|Can the police use any sample of blood taken from a suspect as part of their investigation into a drink driving or excess alcohol offence?|
A common scenario we at the London Drink Driving Solicitor come across is a driver is arrested on suspicion of driving with excess alcohol. He or she is taken to hospital for one of any number of reasons and, while there, a doctor or nurse takes a specimen of blood from them as part of the diagnosis/treatment.
Often, the police are unable to require the person to consent to providing a specimen of blood for alcohol analysis as part of their investigation due to the ongoing treatment the person is receiving. By the time the police can make the request, several hours may have passed meaning that the alcohol reading will no longer reflect the level of alcohol in that person's system when they drove.
The question then arises whether the police can legitimately use some or all of the sample of blood taken by the medical staff as part of the diagnosis/treatment?
The answer is found in section 15 of the Road Traffic Offenders Act 1988, which deals with the use of specimens that have been taken for use in the prosecution of drink driving/excess alcohol cases.
Section 15(4) tells us that "A specimen of blood shall be disregarded unless - (a) it was taken from the accused with his consent... or (b) it was taken from the accused by a medical practitioner under section 7A of the Road Traffic Act 1988 and the accused subsequently gave his permission fora laboratory test of the specimen."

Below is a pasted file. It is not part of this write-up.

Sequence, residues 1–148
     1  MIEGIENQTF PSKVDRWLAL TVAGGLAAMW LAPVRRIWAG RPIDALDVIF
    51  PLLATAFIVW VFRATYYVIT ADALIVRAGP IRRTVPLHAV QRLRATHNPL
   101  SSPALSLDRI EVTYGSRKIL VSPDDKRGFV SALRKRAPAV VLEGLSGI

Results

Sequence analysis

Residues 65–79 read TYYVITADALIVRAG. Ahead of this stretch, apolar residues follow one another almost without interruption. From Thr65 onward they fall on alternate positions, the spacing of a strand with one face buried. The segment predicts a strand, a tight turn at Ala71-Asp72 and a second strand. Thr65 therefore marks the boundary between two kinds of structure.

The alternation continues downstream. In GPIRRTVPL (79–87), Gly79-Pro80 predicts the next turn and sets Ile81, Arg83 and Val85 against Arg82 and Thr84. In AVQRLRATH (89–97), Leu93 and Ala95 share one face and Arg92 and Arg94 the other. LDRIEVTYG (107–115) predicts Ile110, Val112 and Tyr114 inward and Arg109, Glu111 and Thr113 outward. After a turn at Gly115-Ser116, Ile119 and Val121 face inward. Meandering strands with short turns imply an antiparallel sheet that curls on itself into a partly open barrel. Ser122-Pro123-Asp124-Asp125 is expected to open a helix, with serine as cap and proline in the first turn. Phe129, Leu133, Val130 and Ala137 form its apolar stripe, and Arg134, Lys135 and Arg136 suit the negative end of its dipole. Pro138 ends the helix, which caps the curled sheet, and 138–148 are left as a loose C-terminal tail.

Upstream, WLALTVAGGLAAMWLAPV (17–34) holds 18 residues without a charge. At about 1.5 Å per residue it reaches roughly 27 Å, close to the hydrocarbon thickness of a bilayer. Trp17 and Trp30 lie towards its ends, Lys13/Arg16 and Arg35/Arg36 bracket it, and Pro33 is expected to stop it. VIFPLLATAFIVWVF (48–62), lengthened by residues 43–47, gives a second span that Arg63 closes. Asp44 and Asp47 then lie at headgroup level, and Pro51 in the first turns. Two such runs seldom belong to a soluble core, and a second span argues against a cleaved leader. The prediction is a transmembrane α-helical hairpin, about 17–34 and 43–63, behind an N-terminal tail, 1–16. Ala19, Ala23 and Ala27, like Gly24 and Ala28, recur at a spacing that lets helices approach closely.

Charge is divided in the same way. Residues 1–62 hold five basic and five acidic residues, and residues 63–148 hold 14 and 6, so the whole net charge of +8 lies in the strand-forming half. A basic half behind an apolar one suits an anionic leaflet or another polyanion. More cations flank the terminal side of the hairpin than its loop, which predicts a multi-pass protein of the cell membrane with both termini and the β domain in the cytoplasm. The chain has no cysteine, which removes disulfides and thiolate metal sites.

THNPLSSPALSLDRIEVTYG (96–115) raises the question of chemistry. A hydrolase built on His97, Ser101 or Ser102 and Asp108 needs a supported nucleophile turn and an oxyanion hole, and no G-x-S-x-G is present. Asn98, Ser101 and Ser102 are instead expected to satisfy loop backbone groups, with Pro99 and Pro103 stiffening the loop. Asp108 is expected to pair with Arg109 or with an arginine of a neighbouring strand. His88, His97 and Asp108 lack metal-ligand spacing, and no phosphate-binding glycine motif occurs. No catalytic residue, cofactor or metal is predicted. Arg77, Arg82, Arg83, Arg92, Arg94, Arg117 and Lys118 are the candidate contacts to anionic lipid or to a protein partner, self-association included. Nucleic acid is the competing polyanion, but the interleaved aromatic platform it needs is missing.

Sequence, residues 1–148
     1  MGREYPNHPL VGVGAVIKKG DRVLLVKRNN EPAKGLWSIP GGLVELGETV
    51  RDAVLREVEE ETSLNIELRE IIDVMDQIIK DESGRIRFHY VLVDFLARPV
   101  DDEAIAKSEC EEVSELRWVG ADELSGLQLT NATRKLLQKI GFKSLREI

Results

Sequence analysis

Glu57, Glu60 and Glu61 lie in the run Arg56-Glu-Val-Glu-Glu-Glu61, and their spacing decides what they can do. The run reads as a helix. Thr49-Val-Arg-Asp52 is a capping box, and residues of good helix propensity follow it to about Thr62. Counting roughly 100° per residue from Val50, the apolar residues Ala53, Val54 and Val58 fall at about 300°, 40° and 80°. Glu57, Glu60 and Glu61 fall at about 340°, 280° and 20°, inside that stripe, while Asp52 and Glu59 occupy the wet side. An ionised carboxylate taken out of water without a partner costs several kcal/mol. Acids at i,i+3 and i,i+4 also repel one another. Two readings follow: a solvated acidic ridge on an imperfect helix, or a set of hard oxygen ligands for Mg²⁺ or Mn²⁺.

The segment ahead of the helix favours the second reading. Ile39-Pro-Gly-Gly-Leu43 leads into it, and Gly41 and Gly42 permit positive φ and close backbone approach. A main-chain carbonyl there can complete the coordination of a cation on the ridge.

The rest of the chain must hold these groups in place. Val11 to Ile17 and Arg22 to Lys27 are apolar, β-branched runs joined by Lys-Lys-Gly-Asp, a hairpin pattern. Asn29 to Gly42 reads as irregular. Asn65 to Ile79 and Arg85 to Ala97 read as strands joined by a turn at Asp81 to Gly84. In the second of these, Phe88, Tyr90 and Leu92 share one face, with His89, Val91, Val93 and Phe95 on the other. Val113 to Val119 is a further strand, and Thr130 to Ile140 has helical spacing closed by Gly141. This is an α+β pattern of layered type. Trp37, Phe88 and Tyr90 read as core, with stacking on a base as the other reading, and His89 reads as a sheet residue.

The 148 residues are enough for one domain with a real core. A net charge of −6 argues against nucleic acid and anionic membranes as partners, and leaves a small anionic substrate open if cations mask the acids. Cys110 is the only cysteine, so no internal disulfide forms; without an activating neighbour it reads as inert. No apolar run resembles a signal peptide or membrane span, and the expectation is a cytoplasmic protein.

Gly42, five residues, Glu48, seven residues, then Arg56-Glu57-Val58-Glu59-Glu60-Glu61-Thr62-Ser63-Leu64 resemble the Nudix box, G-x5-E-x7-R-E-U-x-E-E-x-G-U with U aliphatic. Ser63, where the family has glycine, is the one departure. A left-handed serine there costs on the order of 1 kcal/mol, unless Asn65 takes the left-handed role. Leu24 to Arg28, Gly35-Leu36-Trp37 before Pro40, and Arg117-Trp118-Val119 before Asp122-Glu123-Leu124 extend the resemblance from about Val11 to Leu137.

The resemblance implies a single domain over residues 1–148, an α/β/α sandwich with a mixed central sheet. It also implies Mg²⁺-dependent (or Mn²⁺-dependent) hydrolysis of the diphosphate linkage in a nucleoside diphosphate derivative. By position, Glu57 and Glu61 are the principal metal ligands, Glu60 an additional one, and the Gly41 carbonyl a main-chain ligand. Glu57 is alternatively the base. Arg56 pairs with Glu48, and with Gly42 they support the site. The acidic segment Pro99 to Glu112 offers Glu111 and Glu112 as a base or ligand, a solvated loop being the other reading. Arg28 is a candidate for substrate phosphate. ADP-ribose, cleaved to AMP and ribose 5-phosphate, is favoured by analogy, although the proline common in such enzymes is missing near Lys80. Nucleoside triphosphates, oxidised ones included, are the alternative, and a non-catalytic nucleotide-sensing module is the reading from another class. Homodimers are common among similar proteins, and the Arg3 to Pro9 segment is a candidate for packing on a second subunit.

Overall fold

Section 7A allows a medical practitioner who is NOT connected with the accused's clinical treatment to take the specimen of breath where the accused is unable to give consent.
Section 15(4) is somewhat vague on the meaning of consent and could on one interpretation allow for any sample to be used for laboratory analysis. However, elsewhere the Act tells us that the police constable must inform the suspect that a requirement to provide a specimen has been made for the purposes of the investigation and that failure to provide it will render him or her liable to prosecution. The warning must be given by a police officer and not by a medical professional. We can therefore conclude that "consent" must mean consent that is informed by the appropriate warning being given by the officer.
Since no such warning would have been given prior to the taking a blood sample for use in connexion with the treatment or diagnosis of the suspect's condition we can conclude that it would not be lawful for the police to use such a sample as part of their investigation into a drink driving or excess alcohol allegation.